In 1965, a research director of electronics pioneer Fairchild Semiconductor was asked to predict the future of the microchip industry.
At the time, Gordon Moore had little data to go on as the industry was still at the embryonic stage. Still, he argued that engineers would be able to squeeze an ever-increasing number of electronic devices onto microchips, and he guessed that the number would double each year.
Three years later, Moore co-founded Intel Corp. and his fabled guess became known as Moore’s Law.
It’s no secret the microchip industry has since exploded with improvements to the technology being added all the time.
One recent innovation comes from IBM Corp. with the announcement they’ve perfected a new manufacturing technique that can deliver a speed boost of 30 per cent in computing speed, Internet access, wireless phones and other devices.
Using a material known as “low-k dielectric” to shield millions of individual copper circuits on a chip, the new method will reduce electrical “crosstalk” or interference that can occur without proper insulation between conductors.
Jim Ryan, IBM’s manager of interconnect technology in East Fishkill, N.Y., said the new custom microchips are high on performance power and low on power consumption.
“[We’ve worked] to improve performance and make the structure compatible with lower power consumption,” he said. “The performance improvement, which is between 30 and 40 per cent, varies depending on the design and how your structure is laid out.”
IBM stated this new process will spot them a one to two year lead over the rest of the industry. The low-k dielectric seal is essentially an insulator that will help electronic signals move faster. Note to other chip manufacturers – while IBM’s technique is proprietary, the material itself is a semiconductor dielectric available commercially through the Dow Chemical Co.
“IBM’s semiconductor labs for decades have been researching for new techniques to improve the performance of the semiconductor process,” said Rich Partridge, vice-president of parallel open systems for D.H. Brown in Port Chester, N. Y. “It’s not a surprise for those who recognize IBM’s strength (as an innovator)…low-k dielectric capping silicon insulator and copper wiring solves limitations in traditional CMOS (complimentary metal oxide silicon) techniques, which had run into some barriers.”
Also worthy of mention is the significant lead IBM has eked out for itself in semiconductor manufacturing circles.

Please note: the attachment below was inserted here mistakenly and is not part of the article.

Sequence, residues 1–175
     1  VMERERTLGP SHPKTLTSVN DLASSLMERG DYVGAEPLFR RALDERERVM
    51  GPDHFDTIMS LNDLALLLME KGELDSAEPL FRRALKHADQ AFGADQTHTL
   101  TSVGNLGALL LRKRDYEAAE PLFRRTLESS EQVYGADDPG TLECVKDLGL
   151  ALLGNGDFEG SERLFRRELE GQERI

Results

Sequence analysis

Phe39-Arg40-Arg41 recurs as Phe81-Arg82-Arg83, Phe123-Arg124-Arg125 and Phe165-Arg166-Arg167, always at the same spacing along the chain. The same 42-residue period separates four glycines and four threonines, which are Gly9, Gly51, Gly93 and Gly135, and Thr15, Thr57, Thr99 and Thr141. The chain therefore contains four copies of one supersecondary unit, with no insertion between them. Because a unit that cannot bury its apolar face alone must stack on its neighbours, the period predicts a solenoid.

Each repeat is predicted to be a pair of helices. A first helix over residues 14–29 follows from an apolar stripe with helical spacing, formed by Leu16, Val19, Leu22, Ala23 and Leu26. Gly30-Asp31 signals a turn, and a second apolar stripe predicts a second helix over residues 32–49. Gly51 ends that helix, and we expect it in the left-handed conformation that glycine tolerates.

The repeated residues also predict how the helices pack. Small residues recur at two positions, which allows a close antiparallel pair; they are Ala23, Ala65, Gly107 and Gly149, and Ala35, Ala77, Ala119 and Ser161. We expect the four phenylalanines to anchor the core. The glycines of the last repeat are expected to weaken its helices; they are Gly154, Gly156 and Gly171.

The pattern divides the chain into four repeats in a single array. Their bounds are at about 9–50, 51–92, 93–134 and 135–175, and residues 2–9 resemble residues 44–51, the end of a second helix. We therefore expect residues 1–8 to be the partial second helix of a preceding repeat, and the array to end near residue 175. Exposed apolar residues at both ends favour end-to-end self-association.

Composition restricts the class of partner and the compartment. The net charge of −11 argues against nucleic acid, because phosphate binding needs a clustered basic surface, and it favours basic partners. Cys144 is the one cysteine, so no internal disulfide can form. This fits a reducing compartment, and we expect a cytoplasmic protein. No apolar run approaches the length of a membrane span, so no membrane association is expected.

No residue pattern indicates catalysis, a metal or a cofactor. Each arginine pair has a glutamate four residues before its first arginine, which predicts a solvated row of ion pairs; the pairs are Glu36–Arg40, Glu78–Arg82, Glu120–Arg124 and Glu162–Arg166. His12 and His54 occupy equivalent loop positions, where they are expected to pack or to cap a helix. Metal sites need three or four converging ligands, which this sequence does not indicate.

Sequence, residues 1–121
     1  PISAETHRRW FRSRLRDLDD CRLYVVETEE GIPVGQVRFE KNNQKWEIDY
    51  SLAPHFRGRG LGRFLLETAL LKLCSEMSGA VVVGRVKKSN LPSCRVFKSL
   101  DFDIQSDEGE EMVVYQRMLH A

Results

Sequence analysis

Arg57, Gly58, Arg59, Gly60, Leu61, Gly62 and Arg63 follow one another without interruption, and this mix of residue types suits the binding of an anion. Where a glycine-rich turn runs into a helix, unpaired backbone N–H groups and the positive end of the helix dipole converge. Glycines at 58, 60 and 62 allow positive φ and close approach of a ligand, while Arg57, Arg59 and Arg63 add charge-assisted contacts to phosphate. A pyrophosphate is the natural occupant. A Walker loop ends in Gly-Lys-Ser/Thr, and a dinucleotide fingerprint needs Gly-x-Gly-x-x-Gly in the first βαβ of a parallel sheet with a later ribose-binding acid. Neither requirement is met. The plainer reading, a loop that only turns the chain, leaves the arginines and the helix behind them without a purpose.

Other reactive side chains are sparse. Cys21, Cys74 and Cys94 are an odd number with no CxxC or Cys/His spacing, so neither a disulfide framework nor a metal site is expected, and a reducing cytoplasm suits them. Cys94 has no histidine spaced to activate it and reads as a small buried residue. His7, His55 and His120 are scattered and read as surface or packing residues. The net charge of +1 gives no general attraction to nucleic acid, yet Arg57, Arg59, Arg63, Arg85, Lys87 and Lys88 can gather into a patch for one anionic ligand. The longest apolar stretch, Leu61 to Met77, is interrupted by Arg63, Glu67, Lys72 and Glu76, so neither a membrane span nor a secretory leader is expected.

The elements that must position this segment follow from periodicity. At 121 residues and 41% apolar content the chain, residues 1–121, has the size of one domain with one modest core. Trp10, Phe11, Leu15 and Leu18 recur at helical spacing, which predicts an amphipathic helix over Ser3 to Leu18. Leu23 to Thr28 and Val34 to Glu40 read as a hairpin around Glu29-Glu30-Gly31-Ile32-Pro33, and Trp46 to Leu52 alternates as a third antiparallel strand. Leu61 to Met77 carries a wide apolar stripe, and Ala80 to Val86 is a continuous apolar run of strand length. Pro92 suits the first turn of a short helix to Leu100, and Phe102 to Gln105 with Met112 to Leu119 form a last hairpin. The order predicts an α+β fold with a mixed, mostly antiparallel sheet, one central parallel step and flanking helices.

“It’s a terrific competitive advantage,” remarked Fred Zieber, president of San Jose, Calif.-based Pathfinder Research. “This is a big-time lead and it’s extremely rare in the semiconductor industry. They are the first folks to do both a copper and a low-k dielectric [chip]; from a strategic point of view, IBM plans to keep ahead in manufacturing.”
In 1997, IBM switched from manufacturing aluminium wired microchips to copper as the latter material is more conducive to electrical charges.
Zieber estimated a 37 per cent speed improvement with the silicon coated microchip, adding that increased heat is not a factor.
“The new dielectric is used to lower the parasitic factor,” he said. “The less parasitic activity, the less heat. This will help with future processor generations.”
Ryan added IBM’s custom chip design kit offering – called Cu-11 – will be manufactured with the company’s micron process technology, resulting in chip features as small as .11 microns (more than 900 times thinner than a human hair).
“It’s a strategic process technology we developed to be used in a wide variety of products,” Ryan said. “It’s an improvement for ASIC (application specific integrated circuit), SRAM (static random access memory), and microprocessors.”
IBM anticipates the Cu-11 will solidify its position in the ASIC war – they ranked at the top of the class in 1999 according to marketshare figures from Dataquest Inc. The Cu-11 includes design tools and services for customers who want to build customized chips that can run high performance Internet servers, cell phones, and advanced network communications gear.
The chips will be used to produce future generations of the IBM Power4 processor, which is intended for use in IBM’s RS/6000 and AS/400 computer servers.